Local vocal coach has eight students qualify for finals of state fair talent show
Published 10:41 am Thursday, September 2, 2021
Erika Gaines is used to having one or two of her vocal students qualify for the finals of The Kentucky State Fair Talent Classic in Louisville.
In one rare year she had five students qualify. This year she had eight in the Aug. 29 championship round.
In addition to the finalists, seven of Gaines’ other students advanced to the semifinals on Aug. 21 and 22, giving her 15 overall qualifiers at the state level.
According to Gaines, getting that far in the competition is an accomplishment itself.
“Unless you have experienced this yourself you have no idea how hard it is to go through the preliminaries, the semifinals and even the finals, just how much work goes into this,” Gaines said, adding that some contestants work on their act for several months up to a year before performing them.
To qualify for the semifinals a contestant has to place in the top three at a Kentucky Fair Board certified preliminary round held at the local level. Contestants are allowed to attempt to qualify at any preliminary location if the site has an open competition policy.
Of the eight finalists, two placed in the top five. Emma Rayne Seals took 3rd place sweepstakes and Grace Owen took 4th place sweepstakes.
Seals, a 15-year-old student at George Rogers Clark High School, said that she was “really surprised” about coming in the top five especially since “there was so much competition and they were all super good.”
For her performance, Seals chose to sing the haunting “You’ll Never Leave Harlan Alive”, to honor her mountain roots.
“Both of my parents, basically my entire family, are from Harlan County. A lot of my family were coal miners,” Seals said.
Owen, a 14-year-old student at GRC, used her performance of “Notice Me, Horton” from the Broadway hit “Seussical” as a replacement opportunity for a chance she lost due to the COVID-19 pandemic.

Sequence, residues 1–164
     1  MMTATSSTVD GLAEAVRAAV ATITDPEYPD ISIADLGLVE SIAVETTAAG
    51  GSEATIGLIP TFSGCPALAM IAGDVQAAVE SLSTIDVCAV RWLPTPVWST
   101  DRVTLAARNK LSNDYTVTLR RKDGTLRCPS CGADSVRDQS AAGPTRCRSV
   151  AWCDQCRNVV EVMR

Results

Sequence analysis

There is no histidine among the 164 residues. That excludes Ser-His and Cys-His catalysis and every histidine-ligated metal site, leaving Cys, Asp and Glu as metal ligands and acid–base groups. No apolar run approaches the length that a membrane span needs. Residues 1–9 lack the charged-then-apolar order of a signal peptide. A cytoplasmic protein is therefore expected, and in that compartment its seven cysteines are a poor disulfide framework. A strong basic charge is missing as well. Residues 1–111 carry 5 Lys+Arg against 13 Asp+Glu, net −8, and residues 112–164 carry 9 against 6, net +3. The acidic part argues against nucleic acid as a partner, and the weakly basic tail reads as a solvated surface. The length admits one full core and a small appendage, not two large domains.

“I was supposed to play the role of Gertrude, who is the girl that sings the song, I was supposed to play her before quarantine and the play got shut down,” Owen said. “So I didn’t get to play her and I really wanted the chance to sing that solo that I had been wanting to do.”
Gaines, a classically trained singer from Campbellsville, has been teaching vocals for 22 years and coached back-to-back Classic winners in 2015 and 2016, Gillian Stith and Antonia Coyles. She moved to the area four years ago when her husband, Jeff, became the pastor of Christ Church of Winchester.
As an instructor, Gaines says that she does not want to box her students in and she “just runs with” whatever style a student wishes to pursue as a vocalist, but she will challenge them by doing things like “rearranging songs to make them harder.”
Her students universally sing her praises
“She is such a good teacher because she works not only with voice but also with movements, the way you present your piece,” Owen said. “She pushes us to go the extra mile and the best we can.”
Seals said Gaines is always there for her students.
“She is awesome. She is so supportive of all of her students and her main goal is to make us confident in ourselves and confident in our singing,” she said.
For Gaines the most satisfying thing as a teacher is watching how the joy a good performance brings to her students.
“It is so rewarding in the end though as a teacher when you see a student come off the stage and they are overwhelmed with excitement because they got up there and they nailed it,” she said.